Seconds: The Slow Death of Aspiration.
Life is a series of what ifs, there are many moments in our lives that we look back in wonderment and revel in what could have change with the difference of a few seconds. Arthur Hamilton has his life changed in seconds, a mundane trip home from work leads to what seemingly is the opportunity of a lifetime, the chance to start anew, no responsibilities, no family life to burden him, only a simple payment of $30,000 and he quite literally is a new man. Too good to be true? At it's face Seconds is a film about life's unfulfilled aspirations of life and the insecurities caused, the idea that the things we strive for in life can slowly strangle us over time and erase the person we once were is one of the greatest fears we all share. "So is this what becomes of the dreams of Youth?"
While not a complicated movie Seconds is a hard film for me to describe, much like a dream it is simple in its complexity and yet so hard to describe after the fact, whether that's because of the film's disjointed nature, the creative and at times disorienting cinematography of Hollywood legend James Wong Howe or the film's numerous commentaries, this film has left this reviewer with a beast to burden. Seconds functions as a time castle into an era by gone, the era of the business man functioning off the three cocktail lunch, a Hollywood emerging from the remains of the studio system and the era of the leading man. Yet, while the film is very much a product of its time, much of the film's message remains deeply rooted in the culture of today and much of the film's notoriety is due to the life and tragic death of its star Rock Hudson, whom much like his character of Tony Wilson was a fabrication of the Hollywood system, an idealized and carefully crafted version of a man. Since his death and the stream of info released in the years following his death the legacy of Seconds has grown beyond that of the critically lampooned to a cult following and a preservation in the Library of Congress, what is most reverent to me is what in all likelihood was a commentary about the practices of the Hollywood system, made under the very studio responsible for the end of Hollywood's studio system Paramount. When I watched this film for a second time the Brittney Spears court case was fresh in the news and the hashtag of freebrittney was splayed out across all facets of social media and even influenced an early draft of this review, if for no other reason than it made the idea of an overbearing corporate entity responsible for the image, finances and public persona of another person, all whilst maintaining a position of power through blackmail seem less science fiction and all the more horrific. The idea that Seconds most plays with is the idea that even in an ideal world where we achieve all of our dreams unhappiness can still follow. This is perhaps best exemplified by a monologue by Arthur in the closing scenes of the film "I couldn't help it, Charlie. I had to find out where I went wrong. The years I've spent trying to get all the things I was told were important - that I was supposed to want! Things! Not people... or meaning. Just things." Arthur Hamilton had the American dream even before becoming Tony Wilson and given the "freedom" that came with it, yet he felt so unfulfilled with both.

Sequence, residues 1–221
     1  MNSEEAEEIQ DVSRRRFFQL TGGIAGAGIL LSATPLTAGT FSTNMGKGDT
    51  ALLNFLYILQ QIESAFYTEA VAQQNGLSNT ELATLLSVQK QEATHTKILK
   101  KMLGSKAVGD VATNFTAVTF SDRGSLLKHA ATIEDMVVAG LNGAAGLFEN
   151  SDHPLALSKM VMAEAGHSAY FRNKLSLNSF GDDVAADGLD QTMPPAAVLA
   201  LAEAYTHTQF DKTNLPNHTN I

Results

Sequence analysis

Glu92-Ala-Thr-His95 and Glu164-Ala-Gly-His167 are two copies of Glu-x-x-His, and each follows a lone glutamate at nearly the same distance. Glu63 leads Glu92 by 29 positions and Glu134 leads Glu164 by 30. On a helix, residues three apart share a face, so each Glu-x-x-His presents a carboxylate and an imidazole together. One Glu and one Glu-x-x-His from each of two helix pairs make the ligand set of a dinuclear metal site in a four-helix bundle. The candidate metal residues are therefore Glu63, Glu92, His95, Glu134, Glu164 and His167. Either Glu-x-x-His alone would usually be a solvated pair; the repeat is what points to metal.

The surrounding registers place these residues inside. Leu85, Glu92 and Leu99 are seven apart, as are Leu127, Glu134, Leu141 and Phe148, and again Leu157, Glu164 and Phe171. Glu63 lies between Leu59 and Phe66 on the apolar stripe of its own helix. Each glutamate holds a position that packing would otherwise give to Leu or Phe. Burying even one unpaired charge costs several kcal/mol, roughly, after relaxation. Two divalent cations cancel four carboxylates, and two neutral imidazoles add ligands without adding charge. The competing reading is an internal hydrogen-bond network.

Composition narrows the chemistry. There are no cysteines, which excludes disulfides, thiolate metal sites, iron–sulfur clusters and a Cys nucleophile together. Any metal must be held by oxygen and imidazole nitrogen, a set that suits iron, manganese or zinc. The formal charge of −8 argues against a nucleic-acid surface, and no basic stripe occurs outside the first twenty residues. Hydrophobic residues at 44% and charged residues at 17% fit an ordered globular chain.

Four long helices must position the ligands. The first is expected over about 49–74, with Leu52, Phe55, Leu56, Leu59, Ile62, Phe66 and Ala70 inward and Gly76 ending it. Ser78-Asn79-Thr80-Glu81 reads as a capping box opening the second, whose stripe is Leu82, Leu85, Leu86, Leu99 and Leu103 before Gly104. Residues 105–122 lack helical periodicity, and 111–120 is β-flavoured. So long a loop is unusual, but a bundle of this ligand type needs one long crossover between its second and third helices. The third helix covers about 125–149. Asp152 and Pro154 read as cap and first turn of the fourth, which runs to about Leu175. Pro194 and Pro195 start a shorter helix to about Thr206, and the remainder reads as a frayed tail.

Seconds is not necessarily a great film, but it is one that I none the less recommend and even consider a must watch for fans of horror and sci-fi, it is in the opinion of this reviewer one of those rare films were everyone can come out with their own interpretation. It is currently streaming on Paramount plus, however I recommend you track down a copy of the criterion release. If you have any film suggestions or wish to discuss the film please feel free to leave a comment or reach out to me on twitter. For the sake of my own sanity I will likely pick something less daunting and uplifting for my next review.